“Despite the fact that the FBI was accused of hiding information from judges when obtaining authorization for use of the secretive “Stingray” cell phone tracking device, a judge has ruled that the use of the device by federal agents was lawful.
This case could quite unfortunately have wide-ranging effects on how the government conducts the type of dragnet surveillance enabled by the Stingray device.
Interestingly, the Electronic Privacy Information Center (EPIC) also recently received a new batch of documents from the FBI about the Stingray.
On Wednesday, Judge David Campbell dismissed the motion to suppress the information gathered through the Stingray device in the case of Daniel Rigmaiden.”
Via Activist Post
“It’s been more than a decade in the making, but now Harvard University researchers have developed a tiny flying drone that is barely larger than a quarter.
Robotics researchers at the Ivy League school have achieved a first, reports Forbes: the creation of robotic insects that are capable of flight. A paper detailing their work was recently published in the journal Science. Here’s an abstract of the research:
Flies are among the most agile flying creatures on Earth. To mimic this aerial prowess in a similarly sized robot requires tiny, high-efficiency mechanical components that pose miniaturization challenges governed by force-scaling laws, suggesting unconventional solutions for propulsion, actuation, and manufacturing. To this end, we developed high-power-density piezoelectric flight muscles and a manufacturing methodology capable of rapidly prototyping articulated, flexure-based sub-millimeter mechanisms.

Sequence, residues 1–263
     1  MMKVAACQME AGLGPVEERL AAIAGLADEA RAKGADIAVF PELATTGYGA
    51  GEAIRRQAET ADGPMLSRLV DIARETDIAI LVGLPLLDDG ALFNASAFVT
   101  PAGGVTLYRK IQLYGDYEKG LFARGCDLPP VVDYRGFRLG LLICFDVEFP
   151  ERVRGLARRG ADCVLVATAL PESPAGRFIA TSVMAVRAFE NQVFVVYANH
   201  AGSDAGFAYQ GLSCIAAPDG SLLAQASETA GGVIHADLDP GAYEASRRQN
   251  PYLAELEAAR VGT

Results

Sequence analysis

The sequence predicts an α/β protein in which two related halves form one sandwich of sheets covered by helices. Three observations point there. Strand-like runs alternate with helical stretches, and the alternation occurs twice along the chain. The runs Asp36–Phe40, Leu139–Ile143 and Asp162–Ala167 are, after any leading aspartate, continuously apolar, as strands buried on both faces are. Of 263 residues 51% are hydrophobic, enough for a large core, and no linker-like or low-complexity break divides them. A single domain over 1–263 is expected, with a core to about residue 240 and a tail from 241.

We built an 80-milligram, insect-scale, flapping-wing robot modeled loosely on the morphology of flies. Using a modular approach to flight control that relies on limited information about the robot’s dynamics, we demonstrated tethered but unconstrained stable hovering and basic controlled flight maneuvers. The result validates a sufficient suite of innovations for achieving artificial, insect-like flight.”
Via Natural News
“Collecting rainwater in barrels is a common Earth-friendly and off-grid living practice, but the sustainable existence chore is illegal in many states. Unless you own the water rights on the property, it is not permissible to salvage rainwater in barrels for future use. Western states where water is in high demand, like Colorado, Utah, and Washington, have laws which prohibit rainwater collection or diversion.
It may sound like common sense that a deed to a piece of property includes the rights to the water below, but that is not always the case. As a real estate agent with an appraiser husband, I know all too well the look of shock on a homeowner’s face when such a pesky little detail is revealed during the selling process.
Until learning about the latest infringement on property rights, I had never considered that the water rights clause pertained to anything above ground, with the exception of streams and rivers. The legal definition of water rights does include the phrase, “gathers on the surface of the Earth.” Apparently states which do not allow homeowners the right to fill rainwater barrels take the surface gathering aspect to the extreme. Typical surface water litigation cases involve damaging adjacent properties or altering a naturally flowing body of water – not catching raindrops falling from heaven for off-grid or sustainable purposes.
Salt Lake City Toyota dealership owner Mark Miller found out about the Utah law the hard way. He constructed a large rainwater collection system to use for washing cars on his lot. Instead of heralding the Earth-friendly business decision in one of the driest states in America, Miller was faced with a violation letter.”
Police raid innocent family because of indoor garden, spied on their purchases and dug through trash
“A former FBI counterterrorism agent has hinted at a vast and intrusive surveillance network used by the U.S. government to monitor its own citizens.
Tim Clemente admitted as much when he appeared on CNN Wednesday night.
Discussing the Boston Marathon attack and past telephone conversations of Katherine Russell and her now deceased husband, suspect Tamerlan Tsarnaev, Clemente said that those conversations would be available to investigators. “
Via The Daily Mail